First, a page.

Cutlery may seem like the most basic of epicurean utensils, however their current design is relatively new to society and the way we consume food.
Spoons were the first invention, leading the way to civilized dining. Dated to as early as 1000 BC in Egypt, spoons were adapted from a variety of scoop-like objects over history from seashells to chips of wood- in fact, the name itself originates from the Anglo- Saxon word spon meaning a chip of wood. Fashioned handles were added to these found objects later on and thus, the spoon was born!
Once the popularisation of spoons spread, there was a demand for the objects to be fashioned and not found, so we see early examples crafted from wood, bronze and silver, from early civilization to the middle ages.
The purpose of the spoon was not merely for eating, its importance in society had expanded and spoons were commonly used in ceremonies and as a symbol of status, hence we see anointing spoons in Britain to welcome new monarchs.
The fork is a relative newcomer to the table and unlike the spoon it has a more interesting history.
Although it can be dated to Ancient Egypt, it was elongated in form and only comprised of two sharp prongs, being used primarily for cooking or serving food. One of the earliest records of the fork is from a story of the wedding of a Byzantine princess, Theodora Anna Doukaina and Venetian Domenico Selvo in the 11th century. She arrived with her dowry which supposedly consisted of a case of golden forks and then proceeded to use them at the wedding feast. Her decadence was condemned by the local clergy, and one member announced “God in his wisdom has provided man with natural forks—his fingers. Therefore, it is an insult to him to substitute artificial metal forks for them when eating.” Two years later when Theodora died of an unknown disease, it was considered by some to be punishment for her pride and life of excess.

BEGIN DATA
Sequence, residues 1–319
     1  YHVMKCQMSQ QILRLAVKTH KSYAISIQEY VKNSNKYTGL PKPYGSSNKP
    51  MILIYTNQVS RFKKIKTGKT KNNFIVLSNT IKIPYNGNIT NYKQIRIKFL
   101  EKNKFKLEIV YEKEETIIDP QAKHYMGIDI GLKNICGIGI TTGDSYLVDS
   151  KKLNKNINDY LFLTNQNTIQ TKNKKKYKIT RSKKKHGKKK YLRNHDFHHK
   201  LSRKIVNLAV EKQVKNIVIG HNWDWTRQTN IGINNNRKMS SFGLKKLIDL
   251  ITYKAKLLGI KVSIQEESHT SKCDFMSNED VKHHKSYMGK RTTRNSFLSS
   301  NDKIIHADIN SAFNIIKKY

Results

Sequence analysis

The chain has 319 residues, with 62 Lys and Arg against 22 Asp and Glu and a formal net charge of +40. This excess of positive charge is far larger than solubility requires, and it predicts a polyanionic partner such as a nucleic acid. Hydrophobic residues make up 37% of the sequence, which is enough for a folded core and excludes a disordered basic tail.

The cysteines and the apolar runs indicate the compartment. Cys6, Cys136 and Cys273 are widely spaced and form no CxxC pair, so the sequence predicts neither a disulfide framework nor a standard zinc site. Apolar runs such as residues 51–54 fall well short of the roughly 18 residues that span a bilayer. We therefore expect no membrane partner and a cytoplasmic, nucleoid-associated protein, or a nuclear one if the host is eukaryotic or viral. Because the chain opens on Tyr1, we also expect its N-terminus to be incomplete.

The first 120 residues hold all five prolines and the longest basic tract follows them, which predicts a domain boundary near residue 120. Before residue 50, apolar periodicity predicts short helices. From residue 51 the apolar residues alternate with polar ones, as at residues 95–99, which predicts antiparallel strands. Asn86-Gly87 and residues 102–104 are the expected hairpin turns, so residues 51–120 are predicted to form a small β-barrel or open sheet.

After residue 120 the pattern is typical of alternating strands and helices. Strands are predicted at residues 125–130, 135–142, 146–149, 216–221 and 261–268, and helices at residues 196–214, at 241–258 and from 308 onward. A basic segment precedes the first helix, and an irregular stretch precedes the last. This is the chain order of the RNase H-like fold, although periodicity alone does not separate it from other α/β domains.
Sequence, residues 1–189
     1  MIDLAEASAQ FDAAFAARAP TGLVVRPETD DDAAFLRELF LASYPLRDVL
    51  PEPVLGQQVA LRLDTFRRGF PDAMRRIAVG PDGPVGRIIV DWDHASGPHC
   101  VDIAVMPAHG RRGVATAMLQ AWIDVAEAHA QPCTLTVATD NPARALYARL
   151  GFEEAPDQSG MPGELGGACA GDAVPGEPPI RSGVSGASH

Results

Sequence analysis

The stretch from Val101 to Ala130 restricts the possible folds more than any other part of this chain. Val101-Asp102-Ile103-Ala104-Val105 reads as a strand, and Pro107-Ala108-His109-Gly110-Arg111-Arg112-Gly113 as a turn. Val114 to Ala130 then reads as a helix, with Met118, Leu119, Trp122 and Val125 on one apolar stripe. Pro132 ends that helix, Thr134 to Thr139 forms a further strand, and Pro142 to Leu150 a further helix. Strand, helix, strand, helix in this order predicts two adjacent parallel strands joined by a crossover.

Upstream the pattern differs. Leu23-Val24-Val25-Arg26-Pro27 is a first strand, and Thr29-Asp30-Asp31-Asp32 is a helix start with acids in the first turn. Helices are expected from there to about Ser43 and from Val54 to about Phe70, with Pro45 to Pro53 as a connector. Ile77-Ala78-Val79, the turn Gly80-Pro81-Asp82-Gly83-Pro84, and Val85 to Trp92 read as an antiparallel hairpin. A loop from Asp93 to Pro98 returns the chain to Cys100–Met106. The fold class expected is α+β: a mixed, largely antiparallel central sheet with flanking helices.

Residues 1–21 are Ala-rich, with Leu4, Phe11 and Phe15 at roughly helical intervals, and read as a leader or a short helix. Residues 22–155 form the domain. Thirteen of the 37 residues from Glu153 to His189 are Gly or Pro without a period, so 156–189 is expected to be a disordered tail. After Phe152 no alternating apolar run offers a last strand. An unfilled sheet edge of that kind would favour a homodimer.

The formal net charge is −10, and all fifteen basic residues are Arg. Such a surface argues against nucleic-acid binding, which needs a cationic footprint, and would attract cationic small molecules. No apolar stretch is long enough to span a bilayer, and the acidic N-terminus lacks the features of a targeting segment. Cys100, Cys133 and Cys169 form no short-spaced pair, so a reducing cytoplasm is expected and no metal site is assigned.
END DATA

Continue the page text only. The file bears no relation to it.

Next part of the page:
And so, fingers and spoons remained the preferred method to eat food. It was not until the Renaissance, during another noble marriage, where the fork’s popularity grew. When Catherine De Medici arrived in France to marry Henry II, she brought a collection of silver forks with her to be used during the nuptial feast. Although Henry’s courtiers struggled to use the foreign utensils, leading to spilled food and much laughter, however despite the ridicule, this popularized the use of forks to all French upper class society, who by the 18th century began sporting personal cutlery sets as a symbol of wealth and status (see illustrated example lot 115). It was not until the late 18th century with the introduction of affordable pewter that all levels of society began using forks.
The knife, although one of the oldest members of the cutlery family, was used mainly for hunting, and often deterred from being used at the dining table on account of their very sharp edges. In fact, in 1669, Louis XIV decreed that overly sharp knifes were illegal at the table and were instead replaced by a wider blunt knife which we know as our knife today.
Next time you sit down for a meal, pause to reflect on the fact that we now use safe blunt knives and have roundly accepted the common use of forks and not our fingers.
Head of Decorative Arts